Photo Credit to the Fayetteville Flyer
The SEC’s returning leading scorer announced last Saturday that he would return to college to play his junior year.
News of Joe’s return came as a welcome surprise to Razorback fans. The 6-5 sharpshooter will likely be in contention for SEC Player of the Year and will add more experience to this roster.
Joe, who has started 59 of the 60 games he’s played in college, is coming off a sophomore campaign where he averaged 16.9 points per game, but saw his shooting percentage drop by five-percent overall and seven-percent from behind the arc.
With Joe being a presumed started for the third-consecutive year, his return creates more certainty in the starting lineup, as well as increased quality depth on the roster as a whole, another outside scoring threat, and an increase in competition for the last starting spot or two.
At most, there are only two starting spots open right now. Joe, Moses Moody, and Justin Smith occupy three starting spots, with the point guard and center positions left open.
With JD Notae out injured, for the time being there is a legitimate battle between KK Robinson and Desi Sills for the starting guard spot. Sills provides experience, starting nearly half of his 66 college games, and averaging eight points per game for his career in Fayetteville. Robinson is a heralded true freshman with elite speed and athleticism. Both guards bring unique traits to the court, and the talent and skill that each possesses should make the coaching staff comfortable with either option.
Also competing for the spot is other true freshman Davonte Davis, a 6-4, big-bodied guard with an undeniable work ethic. Developing a shot would help Davis see the floor, but with as many shooters as the Hogs have, and his passing and driving ability, Davis could likely see plenty of minutes.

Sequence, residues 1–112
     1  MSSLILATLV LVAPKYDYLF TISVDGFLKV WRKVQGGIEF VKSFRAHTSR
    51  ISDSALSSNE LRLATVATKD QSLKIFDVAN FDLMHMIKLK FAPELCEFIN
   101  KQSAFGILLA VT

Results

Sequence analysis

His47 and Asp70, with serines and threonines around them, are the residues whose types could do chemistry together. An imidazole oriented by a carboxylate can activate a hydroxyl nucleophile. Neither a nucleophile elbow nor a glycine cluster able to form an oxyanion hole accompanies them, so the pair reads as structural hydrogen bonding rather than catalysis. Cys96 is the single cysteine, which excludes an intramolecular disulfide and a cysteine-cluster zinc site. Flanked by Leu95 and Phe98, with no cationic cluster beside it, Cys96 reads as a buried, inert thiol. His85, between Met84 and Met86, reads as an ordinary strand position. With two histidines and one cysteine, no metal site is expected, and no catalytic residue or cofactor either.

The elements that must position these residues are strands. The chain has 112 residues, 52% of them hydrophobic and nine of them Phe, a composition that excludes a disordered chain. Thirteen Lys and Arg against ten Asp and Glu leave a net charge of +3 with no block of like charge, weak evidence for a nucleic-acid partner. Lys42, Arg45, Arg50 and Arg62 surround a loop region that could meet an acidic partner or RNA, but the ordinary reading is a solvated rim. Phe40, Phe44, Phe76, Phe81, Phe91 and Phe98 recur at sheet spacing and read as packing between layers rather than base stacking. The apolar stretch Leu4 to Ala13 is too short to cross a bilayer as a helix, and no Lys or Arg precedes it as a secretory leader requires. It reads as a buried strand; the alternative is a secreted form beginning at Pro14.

The competition at the center position rests firmly between Cal-transfer and Little Rock native Connor Vanover, and graduate transfer Vance Jackson. Jackson is a 6-9 point-forward who can guard most positions on defense, while Vanover is 7-3 and less mobile, but can spread the floor with his outside shot. These two can be interchangeable depending on matchup, but Vance would still spread the floor and could allow the defense to still operate in a standard switching man.
Adding Joe to the starting lineup pushes one other potential starter to the bench, obviously, but it also give Moody multiple options to play alongside to help ease him along through his freshman season.
According to sources, Moody has exceeded his lofty expectations already in camp so far, and had the opportunity presented itself, could have been a one-and-done prospect without Joe on the roster. Joe coming back increases the possibility of Moody staying for another year.
Regardless of the combination of starters, there will be four players on the court who are legitimate outside threats. Sills, Jackson, and Joe have each finished a full season shooting 40% or better from behind the arc, while Moody was heralded as one of the best shooters in his class and Vanover shot over 35% from three as a freshman at Cal.
Joe took the feedback from the NBA Draft process to work on his game while weighing his decision. Some of the key areas of his game he needed to improve were simply increasing his shooting percentage, getting better at scoring in isolation situations and off the dribble, developing his ballhandling, and becoming a better on-ball defender.
After weeks of operating under both circumstances, both preparing for a season with and without Isaiah Joe, Coach Musselman’s deep roster is even deeper now.